ical predictions based on purchasing-power parity calculations were never very accu-
rate (see “Purchasing Power Parity and the Big Mac” on the following page), nations
with higher inflation did at least experience depreciating currencies. But in the 1980s
and 1990s, even this rule broke down. For example, although the U.S. inflation rate was
consistently higher than both Germany™s and Japan™s, the dollar nonetheless rose sharply
relative to both the German mark and the Japanese yen from 1980 to 1985. The same
thing happened again between 1995 and 2002. Clearly, the theory is missing something.
What?
Many things. But perhaps the principal failing of the purchasing-power parity theory
is, once again, that it focuses too much on trade in goods and services. Financial assets
such as stocks and bonds are also traded actively across national borders”and in vastly
greater dollar volumes than goods and services. In fact, the astounding daily volume of
foreign-exchange transactions exceeds $3 trillion, which is far more than an entire month™s
worth of world trade in goods and services. The vast majority of these transactions are fi-
nancial. If investors decide that, say, U.S. assets are a better bet than Japanese assets, the
dollar will rise, even if our inflation rate is well above Japan™s. For this and other reasons,
Most economists believe that other factors are much more important than relative
price levels for exchange rate determination in the short run. But in the long run,
purchasing-power parity plays an important role.



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Licensed to:
Part 4
368 The United States in the World Economy




Purchasing-Power Parity and the Big Mac
Since 1986, The Economist magazine has been using a well-known By how much? The price




SOURCE: © mediablitzimages (uk) Limited/Alamy
international commodity”the Big Mac”to assess the purchasing- in China was just 44 percent
power parity theory of exchange rates, or as the magazine once put of the price in the United
it, “to make exchange-rate theory more digestible.” States ($1.41/$3.22 5
Here™s how it works. In theory, the local price of a Big Mac, 0.438). So the yuan was 56
when translated into U.S. dollars by the exchange rate, should be percent below its Big Mac
the same everywhere in the world. The following numbers show parity”and therefore should
that the theory does not work terribly well. appreciate. The other num-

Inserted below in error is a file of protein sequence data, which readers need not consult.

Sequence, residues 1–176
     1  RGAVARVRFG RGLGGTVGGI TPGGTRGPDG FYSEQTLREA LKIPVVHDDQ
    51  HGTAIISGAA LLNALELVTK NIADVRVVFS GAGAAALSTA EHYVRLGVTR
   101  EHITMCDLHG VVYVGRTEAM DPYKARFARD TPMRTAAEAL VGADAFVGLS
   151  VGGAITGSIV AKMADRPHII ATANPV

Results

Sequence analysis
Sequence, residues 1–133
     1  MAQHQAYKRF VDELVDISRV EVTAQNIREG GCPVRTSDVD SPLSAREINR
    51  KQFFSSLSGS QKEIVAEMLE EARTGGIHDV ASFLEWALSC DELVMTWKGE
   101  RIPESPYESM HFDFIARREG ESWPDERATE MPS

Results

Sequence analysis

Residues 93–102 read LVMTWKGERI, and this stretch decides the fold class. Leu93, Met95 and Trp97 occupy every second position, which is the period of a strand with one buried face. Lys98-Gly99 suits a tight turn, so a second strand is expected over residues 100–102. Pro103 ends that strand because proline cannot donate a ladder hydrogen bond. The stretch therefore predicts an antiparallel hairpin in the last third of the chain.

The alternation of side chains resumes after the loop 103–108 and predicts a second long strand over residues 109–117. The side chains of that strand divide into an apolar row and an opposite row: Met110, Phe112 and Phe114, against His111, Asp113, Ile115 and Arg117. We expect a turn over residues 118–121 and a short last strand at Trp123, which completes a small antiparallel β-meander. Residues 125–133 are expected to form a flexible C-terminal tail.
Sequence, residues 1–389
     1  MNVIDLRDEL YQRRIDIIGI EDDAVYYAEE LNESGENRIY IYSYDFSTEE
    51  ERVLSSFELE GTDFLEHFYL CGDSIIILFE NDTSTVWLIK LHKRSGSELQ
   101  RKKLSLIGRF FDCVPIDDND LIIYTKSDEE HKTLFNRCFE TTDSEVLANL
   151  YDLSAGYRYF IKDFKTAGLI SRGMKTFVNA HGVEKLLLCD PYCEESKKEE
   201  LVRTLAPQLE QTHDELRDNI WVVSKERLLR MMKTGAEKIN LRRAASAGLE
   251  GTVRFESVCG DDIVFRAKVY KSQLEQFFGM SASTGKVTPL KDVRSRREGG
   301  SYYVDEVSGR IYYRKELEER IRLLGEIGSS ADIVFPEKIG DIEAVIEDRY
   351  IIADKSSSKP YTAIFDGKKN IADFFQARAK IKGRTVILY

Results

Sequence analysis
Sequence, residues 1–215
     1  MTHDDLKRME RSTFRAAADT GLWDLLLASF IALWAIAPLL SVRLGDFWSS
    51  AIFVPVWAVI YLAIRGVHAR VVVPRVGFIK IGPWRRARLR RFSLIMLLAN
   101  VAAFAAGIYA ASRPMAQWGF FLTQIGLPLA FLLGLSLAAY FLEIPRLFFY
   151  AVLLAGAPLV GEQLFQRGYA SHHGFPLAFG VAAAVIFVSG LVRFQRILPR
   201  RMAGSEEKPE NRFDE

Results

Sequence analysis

For example, although a Big Mac cost an average of $3.22 in bers in the table have similar
the United States in January 2007, it sold for about 11 yuan in interpretations.
China. Using the official exchange rate of 7.77 yuan to the dollar, True Big Mac aficionados
that amounted to just $1.41. Thus, according to the hamburger may find these data helpful
parity theory, the yuan was grossly undervalued. when planning international travel. But can deviations from Big Mac
parity predict exchange rate movements? Surprisingly, they can.
When economist Robert Cumby studied Big Mac prices and ex-
Deviations from Big Mac Purchasing Power Parity,
change rates in 14 countries over a 10-year period, he found that
January 2007
deviations from hamburger parity were transitory. Their “half-life”
Percent
was just a year, meaning that 50 percent of the deviation tended
Big Mac Over (1)
Prices or Under (2) to disappear within a year. Thus, the undervalued currencies in
(converted Valuation the accompanying table would be predicted to appreciate during
Country to dollars) Against Dollar 2007, whereas the overvalued currencies would be expected to
United States $3.22 ” depreciate.
Norway 6.63 1106%
Great Britain 3.90 121
Euro area 3.82 119
Canada 3.08 24
Mexico 2.66 217 SOURCE: “Big Mac Index” from The Economist, February 1, 2007. Copyright © 2007
Japan 2.31 228 The Economist Newspaper Ltd. All rights reserved. Reprinted with permission. Fur-
Russia 1.85 243 ther reproduction prohibited; and Robert Cumby, “Forecasting Exchange Rates and
China 1.41 256 Relative Prices with the Hamburger Standard: Is What You Want What You Get with
McParity?” Georgetown University, May 1997.




Market Determination of Exchange Rates: Summary
You have probably noticed a theme here: International trade in financial assets certainly
dominates short-run exchange rate changes, may dominate medium-run changes, and
also influences long-run changes. We can summarize this discussion of exchange rate
determination in free markets as follows:
1. We expect to find appreciating currencies in countries that offer investors higher
rates of return because these countries will attract capital from all over the world.
2. To some extent, these are the countries that are growing faster than average because
strong growth tends to produce attractive investment prospects. However, such fast-
growing countries will also be importing relatively more than other countries, which
tends to pull their currencies down.
3. Currency values generally will appreciate in countries with lower inflation rates than
the rest of the world™s, because buyers in foreign countries will demand their goods
and thus drive up their currencies.
Reversing each of these arguments, we expect to find depreciating currencies in
countries with relatively high inflation rates, low interest rates, and poor growth
prospects.



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Licensed to:

Chapter 18 369
The International Monetary System: Order or Disorder?



WHEN GOVERNMENTS FIX EXCHANGE RATES: THE BALANCE OF PAYMENTS
Many exchange rates today are truly floating, determined by the forces of supply and de-
mand without government interference. Others are not. Furthermore, some people claim
that exchange rate fluctuations are so troublesome that the world would be better off with Fixed exchange rates are
fixed exchange rates. For these reasons, we turn next to a system of fixed exchange rates, rates set by government
decisions and maintained
or rates that are set by governments.
Naturally, under such a system the exchange rate, being fixed, is not closely by government actions.
watched. Instead, international financial specialists focus on a country™s balance of
F I GU R E 5
payments”a term we must now define”to gauge movements in the supply of and
demand for a currency. A Balance of Payments
Deficit
To understand what the balance of payments is,
look at Figure 5, which depicts a situation that
might represent, say, Argentina in the winter of
S
2001“2002”an overvalued currency. Although the D
supply and demand curves for pesos indicate an Balance of
payments deficit
equilibrium exchange rate of $0.50 to the peso
(point E), the Argentine government is holding the
Price of a Peso
1.00
A B

(in dollars)
rate at $1.00. Notice that, at $1 per peso, more peo-